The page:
For most bacterial infections of the gut, veterinarians prescribe “broad spectrum” antibiotics. This means that the ferret is usually getting a combination of two (or more) different antibiotics at the same time. With this approach, the doctor is essentially trying to “cover all the bases” and simultaneously treat many different types of bacteria that might be causing the infection, without knowing exactly which bacteria is the culprit.
One particular bacterial infection of the intestines of ferrets cannot be treated with this kind of approach. Most of the “broad spectrum” antibiotics that are commonly used in ferrets do not seem to be effective in treating this disease. Though textbooks seem to make a big deal of a condition called proliferative bowel disease or proliferative ileitis, this condition is quite rare in the United States. Usually seen in ferrets below 18 months of age and caused by infection with a bacteria called Lawsonia intracellularis, this disease leads to significant thickening of the ileum (the very last part of the small intestine) and or colon. The ferret can experience severe tenesmus (straining to defecate), which leads to rectal prolapse. Infection can cause serious debilitation with chronic diarrhea and significant weight loss. Because of the severe inflammation, the thickened section of colon can often be palpated during a physical examination.
Another intestinal disease is called eosinophilic gastroenteritis, and it can result in significant intestinal complications, straining and diarrhea included. The cause of this condition is not well understood but, fortunately, this too is a fairly rare condition. Diagnosis is made with intestinal and lymph node biopsy demonstrating the characteristic infiltration with large numbers of white blood cells called eosinophils, as well as sometimes finding changes in the blood count with an elevation of the eosinophil population of cells. Treatment is similar to that for inflammatory bowel disease.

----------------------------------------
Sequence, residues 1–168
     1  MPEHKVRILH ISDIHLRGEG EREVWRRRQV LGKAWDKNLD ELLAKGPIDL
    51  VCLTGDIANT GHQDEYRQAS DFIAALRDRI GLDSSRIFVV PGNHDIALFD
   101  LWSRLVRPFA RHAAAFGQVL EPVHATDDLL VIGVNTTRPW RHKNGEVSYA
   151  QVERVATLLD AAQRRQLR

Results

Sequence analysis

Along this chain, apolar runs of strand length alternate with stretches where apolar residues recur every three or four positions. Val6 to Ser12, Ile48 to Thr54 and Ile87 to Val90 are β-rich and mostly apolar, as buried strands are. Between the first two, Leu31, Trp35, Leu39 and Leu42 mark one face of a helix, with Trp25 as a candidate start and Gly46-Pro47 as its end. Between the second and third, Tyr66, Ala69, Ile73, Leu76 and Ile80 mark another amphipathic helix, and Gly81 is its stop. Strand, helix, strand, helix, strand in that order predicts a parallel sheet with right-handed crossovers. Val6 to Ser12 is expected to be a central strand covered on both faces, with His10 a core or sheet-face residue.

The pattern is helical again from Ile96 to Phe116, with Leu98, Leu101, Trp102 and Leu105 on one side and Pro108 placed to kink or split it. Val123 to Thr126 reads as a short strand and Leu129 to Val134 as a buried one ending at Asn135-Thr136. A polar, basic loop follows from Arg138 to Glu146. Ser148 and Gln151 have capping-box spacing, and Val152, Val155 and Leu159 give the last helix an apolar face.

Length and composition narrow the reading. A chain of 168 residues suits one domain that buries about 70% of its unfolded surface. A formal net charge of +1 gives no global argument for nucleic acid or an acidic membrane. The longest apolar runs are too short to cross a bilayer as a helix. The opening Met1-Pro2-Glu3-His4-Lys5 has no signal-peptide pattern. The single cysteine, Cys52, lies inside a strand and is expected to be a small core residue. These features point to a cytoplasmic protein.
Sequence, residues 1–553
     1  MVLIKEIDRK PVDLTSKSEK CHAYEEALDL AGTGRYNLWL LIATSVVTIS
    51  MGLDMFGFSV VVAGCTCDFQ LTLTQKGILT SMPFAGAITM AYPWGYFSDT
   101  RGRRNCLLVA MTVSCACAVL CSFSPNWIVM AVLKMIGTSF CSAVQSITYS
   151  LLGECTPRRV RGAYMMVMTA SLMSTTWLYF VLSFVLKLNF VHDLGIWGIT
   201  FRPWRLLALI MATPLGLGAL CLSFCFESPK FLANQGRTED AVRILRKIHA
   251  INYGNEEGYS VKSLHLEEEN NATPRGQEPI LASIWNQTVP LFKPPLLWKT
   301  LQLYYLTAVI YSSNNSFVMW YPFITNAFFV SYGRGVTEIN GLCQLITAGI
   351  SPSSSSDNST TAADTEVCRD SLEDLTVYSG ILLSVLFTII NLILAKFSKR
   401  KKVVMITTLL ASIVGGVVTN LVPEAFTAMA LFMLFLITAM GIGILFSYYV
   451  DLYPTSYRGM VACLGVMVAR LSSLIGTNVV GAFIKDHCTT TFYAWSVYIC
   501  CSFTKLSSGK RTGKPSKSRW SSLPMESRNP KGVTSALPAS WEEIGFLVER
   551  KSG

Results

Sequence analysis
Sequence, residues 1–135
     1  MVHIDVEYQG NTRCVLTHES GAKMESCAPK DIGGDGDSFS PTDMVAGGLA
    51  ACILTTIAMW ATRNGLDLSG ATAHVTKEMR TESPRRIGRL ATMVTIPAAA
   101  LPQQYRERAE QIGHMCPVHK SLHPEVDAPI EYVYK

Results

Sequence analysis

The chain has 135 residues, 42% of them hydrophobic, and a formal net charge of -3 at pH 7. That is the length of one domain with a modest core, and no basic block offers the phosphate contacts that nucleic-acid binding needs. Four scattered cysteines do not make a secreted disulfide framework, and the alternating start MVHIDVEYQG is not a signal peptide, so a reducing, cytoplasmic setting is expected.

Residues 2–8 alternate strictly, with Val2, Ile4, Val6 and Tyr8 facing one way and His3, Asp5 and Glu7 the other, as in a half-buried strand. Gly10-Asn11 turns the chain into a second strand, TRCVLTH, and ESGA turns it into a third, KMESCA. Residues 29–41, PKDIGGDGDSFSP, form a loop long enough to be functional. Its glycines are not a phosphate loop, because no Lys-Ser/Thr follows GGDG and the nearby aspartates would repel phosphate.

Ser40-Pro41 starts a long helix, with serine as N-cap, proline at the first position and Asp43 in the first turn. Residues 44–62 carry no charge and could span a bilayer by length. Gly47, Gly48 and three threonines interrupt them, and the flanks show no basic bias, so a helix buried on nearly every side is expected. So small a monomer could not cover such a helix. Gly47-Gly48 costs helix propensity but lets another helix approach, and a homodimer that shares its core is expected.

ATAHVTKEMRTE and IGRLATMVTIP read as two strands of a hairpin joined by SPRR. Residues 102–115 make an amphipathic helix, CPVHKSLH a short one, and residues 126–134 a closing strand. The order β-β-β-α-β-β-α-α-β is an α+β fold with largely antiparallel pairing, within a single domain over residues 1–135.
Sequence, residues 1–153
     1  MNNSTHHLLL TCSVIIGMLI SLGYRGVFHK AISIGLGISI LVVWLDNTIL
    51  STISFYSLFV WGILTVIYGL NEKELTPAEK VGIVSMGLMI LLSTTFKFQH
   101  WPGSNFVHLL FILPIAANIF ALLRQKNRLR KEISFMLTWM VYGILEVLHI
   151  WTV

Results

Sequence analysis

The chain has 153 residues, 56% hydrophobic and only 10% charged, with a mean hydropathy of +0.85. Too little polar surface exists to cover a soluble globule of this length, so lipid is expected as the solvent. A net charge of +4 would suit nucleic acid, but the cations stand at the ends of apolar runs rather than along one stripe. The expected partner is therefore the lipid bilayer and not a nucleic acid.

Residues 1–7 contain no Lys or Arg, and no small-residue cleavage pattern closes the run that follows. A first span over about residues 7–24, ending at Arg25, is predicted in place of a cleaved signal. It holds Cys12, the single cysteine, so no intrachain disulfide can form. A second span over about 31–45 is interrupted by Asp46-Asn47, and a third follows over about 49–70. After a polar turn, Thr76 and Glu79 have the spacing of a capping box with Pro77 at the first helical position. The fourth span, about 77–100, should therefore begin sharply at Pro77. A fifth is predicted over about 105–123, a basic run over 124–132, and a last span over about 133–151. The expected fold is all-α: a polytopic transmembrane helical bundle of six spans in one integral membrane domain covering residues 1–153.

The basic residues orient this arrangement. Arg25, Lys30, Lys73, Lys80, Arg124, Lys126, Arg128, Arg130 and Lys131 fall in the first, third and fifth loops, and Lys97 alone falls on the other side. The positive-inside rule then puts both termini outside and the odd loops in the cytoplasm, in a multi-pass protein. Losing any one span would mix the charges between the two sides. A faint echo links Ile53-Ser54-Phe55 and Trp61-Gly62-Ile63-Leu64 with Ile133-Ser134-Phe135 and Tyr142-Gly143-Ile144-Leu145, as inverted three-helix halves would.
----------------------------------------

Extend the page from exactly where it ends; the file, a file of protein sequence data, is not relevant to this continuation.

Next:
Inflammatory bowel disease (IBD) and intestinal cancer (usually lymphoma) are two serious causes of intestinal upset. Either can lead to fatal consequences and complications, and one, IBD is probably the most commonly encountered intestinal disorder of any of the various conditions to which ferrets are prone.
Lymphoma is a cancer of lymphocytes, blood cells that can circulate throughout the body. As a result, this disease can affect just about any organ in the body. The role of lymphocytes is to regulate the immune system and to help deal with infections of various types. For this reason, lymphocytes tend to concentrate in places where invading organisms can find an entry into the body. Your tonsils are an accumulation of lymphocytes positioned at the beginning of your throat where bacteria and viruses try to enter through your nose or mouth.